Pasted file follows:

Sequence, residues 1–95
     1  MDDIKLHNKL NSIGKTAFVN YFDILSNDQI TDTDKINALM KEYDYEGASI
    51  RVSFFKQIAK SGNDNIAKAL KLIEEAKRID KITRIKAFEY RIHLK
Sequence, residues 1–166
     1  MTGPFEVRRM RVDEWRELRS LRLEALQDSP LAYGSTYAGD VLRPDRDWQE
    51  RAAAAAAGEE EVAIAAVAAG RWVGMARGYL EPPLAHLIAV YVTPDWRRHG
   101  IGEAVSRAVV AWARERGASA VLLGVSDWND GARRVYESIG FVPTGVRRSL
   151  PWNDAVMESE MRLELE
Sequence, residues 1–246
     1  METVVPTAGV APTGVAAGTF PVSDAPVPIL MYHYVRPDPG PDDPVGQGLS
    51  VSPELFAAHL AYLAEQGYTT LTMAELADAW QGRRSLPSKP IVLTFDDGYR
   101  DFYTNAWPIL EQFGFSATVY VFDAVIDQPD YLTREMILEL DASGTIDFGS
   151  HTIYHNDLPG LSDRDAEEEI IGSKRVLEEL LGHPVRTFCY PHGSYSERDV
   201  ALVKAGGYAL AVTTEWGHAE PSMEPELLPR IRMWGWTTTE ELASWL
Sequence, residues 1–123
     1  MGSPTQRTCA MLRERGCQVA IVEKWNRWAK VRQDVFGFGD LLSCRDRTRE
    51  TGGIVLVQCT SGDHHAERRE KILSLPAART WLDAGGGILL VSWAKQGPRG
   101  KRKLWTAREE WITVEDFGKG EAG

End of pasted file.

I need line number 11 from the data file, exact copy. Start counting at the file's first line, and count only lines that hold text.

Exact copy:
    51  VSPELFAAHL AYLAEQGYTT LTMAELADAW QGRRSLPSKP IVLTFDDGYR